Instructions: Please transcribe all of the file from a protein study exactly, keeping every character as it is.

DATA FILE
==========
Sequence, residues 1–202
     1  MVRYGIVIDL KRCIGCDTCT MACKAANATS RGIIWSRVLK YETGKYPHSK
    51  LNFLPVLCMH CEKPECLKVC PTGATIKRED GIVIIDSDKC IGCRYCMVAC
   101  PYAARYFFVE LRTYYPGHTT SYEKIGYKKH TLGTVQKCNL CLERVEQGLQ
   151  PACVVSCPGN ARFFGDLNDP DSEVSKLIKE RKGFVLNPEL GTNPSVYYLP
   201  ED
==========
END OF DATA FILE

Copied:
Sequence, residues 1–202
     1  MVRYGIVIDL KRCIGCDTCT MACKAANATS RGIIWSRVLK YETGKYPHSK
    51  LNFLPVLCMH CEKPECLKVC PTGATIKRED GIVIIDSDKC IGCRYCMVAC
   101  PYAARYFFVE LRTYYPGHTT SYEKIGYKKH TLGTVQKCNL CLERVEQGLQ
   151  PACVVSCPGN ARFFGDLNDP DSEVSKLIKE RKGFVLNPEL GTNPSVYYLP
   201  ED